An Entrepreneur’s Life

An Entrepreneur’s Life

Havana one evening

I write a lot about the life of entrepreneurs. And sometimes about life, family or relationships. But I have never had a chance to write about life and family and relationships and entrepreneurs. Honestly, it’s been hard to understand it myself, let alone explain it to others I care about. Then a special friend sent me Inc. Magazine’s 18 rules for dating an Entrepreneur. I especially love #13 and #15. Here’s a few more that I would add, in my own words:

#1) Being an entrepreneur is LAH. That’s Lumpy. As. Hell. 

Love it, or leave it I guess. By definition, we create from gaps. Literally diving into nothingness, trusting we can grab the ropes of two swings (the problem and the solution), and betting we can tie the two together before we hit the ground. We make these bets with our time, our money, our devoted attention, and our passion. And statistically, a majority fail. And the best at it, simply dust off and move on, having learned lessons and picked talent we would work with again.

On this fluid foundation, we attempt to have relationships, build and enjoy families, and do something good for the community. The money comes in big lumps, followed by harrowing troughs. Salaries, benefits, pensions and the other white collar trappings are a rarity. The idiots among us look at one good month and multiply it by 12x and figure that’s the yearly take. Never happens. But the lumpiness extends to emotions, self-worth, mental health and a whole host of other baggage. We get over it, too quickly perhaps, leaving our partner dumbfounded.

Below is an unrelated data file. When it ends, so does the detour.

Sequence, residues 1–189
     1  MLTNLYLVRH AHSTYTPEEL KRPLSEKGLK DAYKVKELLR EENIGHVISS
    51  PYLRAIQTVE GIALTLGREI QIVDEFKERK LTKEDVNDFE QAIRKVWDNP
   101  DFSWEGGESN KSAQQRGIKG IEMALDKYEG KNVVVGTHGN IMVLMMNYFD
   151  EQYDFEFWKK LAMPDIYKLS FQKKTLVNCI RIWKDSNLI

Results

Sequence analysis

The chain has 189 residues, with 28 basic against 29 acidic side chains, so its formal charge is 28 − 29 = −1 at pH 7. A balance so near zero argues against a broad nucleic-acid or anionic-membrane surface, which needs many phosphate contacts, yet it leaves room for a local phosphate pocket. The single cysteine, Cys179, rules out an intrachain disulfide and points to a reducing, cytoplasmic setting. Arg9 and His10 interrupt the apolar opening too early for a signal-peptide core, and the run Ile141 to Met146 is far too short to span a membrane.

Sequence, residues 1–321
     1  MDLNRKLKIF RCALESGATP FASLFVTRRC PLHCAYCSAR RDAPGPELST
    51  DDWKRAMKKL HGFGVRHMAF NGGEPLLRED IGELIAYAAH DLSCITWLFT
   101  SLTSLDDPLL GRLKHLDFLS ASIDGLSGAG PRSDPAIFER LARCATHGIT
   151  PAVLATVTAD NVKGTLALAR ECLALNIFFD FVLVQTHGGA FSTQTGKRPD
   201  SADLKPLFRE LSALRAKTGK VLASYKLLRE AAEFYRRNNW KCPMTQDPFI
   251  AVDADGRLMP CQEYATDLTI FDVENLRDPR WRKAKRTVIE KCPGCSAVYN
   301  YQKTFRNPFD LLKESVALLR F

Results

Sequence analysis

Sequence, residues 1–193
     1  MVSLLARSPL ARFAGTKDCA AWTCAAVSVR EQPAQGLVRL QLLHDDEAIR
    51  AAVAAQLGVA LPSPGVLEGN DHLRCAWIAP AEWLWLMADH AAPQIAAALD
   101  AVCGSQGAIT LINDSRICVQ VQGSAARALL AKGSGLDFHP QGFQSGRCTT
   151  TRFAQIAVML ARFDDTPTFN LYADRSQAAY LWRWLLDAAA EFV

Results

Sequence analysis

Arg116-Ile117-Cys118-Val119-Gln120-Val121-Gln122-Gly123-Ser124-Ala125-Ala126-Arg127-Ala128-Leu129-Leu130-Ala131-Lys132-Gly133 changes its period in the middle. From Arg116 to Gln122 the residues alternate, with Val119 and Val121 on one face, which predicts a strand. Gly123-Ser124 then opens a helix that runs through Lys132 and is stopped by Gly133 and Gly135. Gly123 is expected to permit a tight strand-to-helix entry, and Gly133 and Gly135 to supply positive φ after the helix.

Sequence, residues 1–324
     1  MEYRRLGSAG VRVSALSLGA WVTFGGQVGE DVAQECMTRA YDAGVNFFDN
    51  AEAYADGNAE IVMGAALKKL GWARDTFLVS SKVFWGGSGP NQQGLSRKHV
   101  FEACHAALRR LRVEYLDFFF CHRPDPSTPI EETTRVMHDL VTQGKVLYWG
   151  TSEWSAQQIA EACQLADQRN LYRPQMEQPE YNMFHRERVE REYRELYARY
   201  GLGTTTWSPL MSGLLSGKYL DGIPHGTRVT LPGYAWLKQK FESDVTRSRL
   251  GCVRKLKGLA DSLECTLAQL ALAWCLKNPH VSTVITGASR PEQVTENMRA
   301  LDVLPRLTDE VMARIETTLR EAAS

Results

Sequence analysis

#2) Nothing is a good as it seems, or as bad as it seems.

Failed financings. Mass defections of talent. Bone crushing competitors emerging from stealth mode.Code that breaks on launch. Then…Big client wins. Secondaries like manna from heaven. Awesome exits. (Multiply that by 5x if you’re an exec-angel with a portfolio). Through it all, if the business doesn’t die that day (or you don’t) things are pretty often in the middle. Leave the drama to others, and make today a little better than yesterday.

#3) It is truly special to even make a living doing this

Working 9-5 is total bullshit. Working 8-6 is even worse. Wearing some badge for working “late” and “hard” is so Gordon Gekko. Any dinosaur like that, still wearing Berlutti shoes and a bespoke single-breasted peak lapel Hermes scarf-lined suit… would never get it. Today’s entrepreneur lifestyle is quite the opposite; getting up at 4am -no alarm- to train for a marathon, mainly to have quiet thinking time and to burn excess energy and stress. She’d be walking the dog at 11am because of a Google hangout break. Working on a plane to Havana on Sunday afternoon. Picking up kids at 2pm on Monday, making them dinner at 5pm, but studying UX/UI after they are in bed. Entrepreneurs work better in short bursts anyway, and then need to recharge the batteries. It may not look like we’re doing much, but it usually involves tremendous discipline. Most suits can’t figure us out, but who cares, as long as one good partner can.

Really, the Inc.. article is that good. Try it.



Read this far? Tell me about a great entrepreneur that you know.



I mentor two kids and several entrepreneurs. Similarities are coincidental.